I've come across people who believe that Max Headroom, the Channel 4 character from the eighties, was computer animated. But although it was the animators Rocky Morton and Annabel Jankel who brought him to life, Max himself was the actor Matt Frewer placed into latex makeup and a shiny costume and set amidst a range of technological tricks.
"Channel 4's greatest animated hit turned out not to be animated at all", commented Clare Kitson in her book British Animation: The Channel 4 Factor. But as she went on to argue, perhaps it is time for a reappraisal:
I wonder if we might indeed classify those sequences as animation nowadays. With the plethora of different technologies now employed, the previous narrow definition (which insisted that the movement itself must be created by the animator) seems a bit old-fashioned. These days anything that appears on a screen and moves but is not a record of real life - including creatures moved by motion capture - tends to fall under the animation umbrella.
Max Headroom was indeed a live actor... [but he] was shot against a blue screen with light sources to simulate the computer-generated images of the period, and the blue screen was replaced in post-production with an animated, computer-generated moving background grid; every other frame was removed, and the remaining frames doubled, to simulate the effect when animators 'shot on doubles'; and finally, various frames were repeated to simulate faults. The current popular synonym for animation, 'manipulated moving image', seems to be made for Max.
Max Headroom was created at a time when 3D CGI animation was desirable, but not always affordable; if budget did not allow it, then producers had to fake computer animation in front of the camera - a process which seems somewhat surreal today in our brave new world of Xtranormal and Blender. Perhaps the most famous instance of this is Disney's Tron, from 1982, which contained genuine CGI animation backed up with large amounts of compositing tricks based around matte effects and backlighting to make the live action footage look as though it was digitally processed.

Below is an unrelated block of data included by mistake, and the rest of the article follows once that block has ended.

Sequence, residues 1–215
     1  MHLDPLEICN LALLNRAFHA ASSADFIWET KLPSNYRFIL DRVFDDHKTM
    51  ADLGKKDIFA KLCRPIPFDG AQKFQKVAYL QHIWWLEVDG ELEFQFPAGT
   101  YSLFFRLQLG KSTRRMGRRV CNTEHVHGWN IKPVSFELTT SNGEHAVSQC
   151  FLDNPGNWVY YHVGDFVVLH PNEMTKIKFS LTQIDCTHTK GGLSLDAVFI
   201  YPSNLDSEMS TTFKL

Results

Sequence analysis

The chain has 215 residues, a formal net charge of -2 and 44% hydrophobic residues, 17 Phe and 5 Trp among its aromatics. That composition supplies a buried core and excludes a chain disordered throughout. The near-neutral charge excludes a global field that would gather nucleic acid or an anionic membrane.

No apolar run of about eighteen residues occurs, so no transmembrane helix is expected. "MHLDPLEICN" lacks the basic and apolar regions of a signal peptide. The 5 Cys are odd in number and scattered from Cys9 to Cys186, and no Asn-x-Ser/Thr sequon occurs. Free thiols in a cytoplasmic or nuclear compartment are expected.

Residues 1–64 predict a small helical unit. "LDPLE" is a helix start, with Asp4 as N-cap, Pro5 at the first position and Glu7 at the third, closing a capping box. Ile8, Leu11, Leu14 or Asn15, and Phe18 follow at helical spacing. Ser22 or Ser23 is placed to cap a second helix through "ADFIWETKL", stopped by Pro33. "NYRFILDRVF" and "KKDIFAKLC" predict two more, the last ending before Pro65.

Another example is the opening sequence to the 1981 American film Escape from New York, which shows what appears to be a wireframe model of Manhattan. In actual fact, it's a physical model, with ultraviolet light and reflective tape combining to emulate primitive CGI.
You could also point to Rod Lord's animation work on the Hitchhiker's Guide to the Galaxy television series from 1981. Designed to suggest digital graphics, the sequences were actually created using litho film and coloured gels.
Primitive computer graphics have had something of a resurgence across the past decade or so, to the point in which pastiches of 8-bit pixel graphics have found their way into mainstream productions such as Wreck-It Ralph. Perhaps it's time today's animators rediscovered the lesser-known cousin of this aesthetic...
Well, just so long as they put it to better use than this fellow.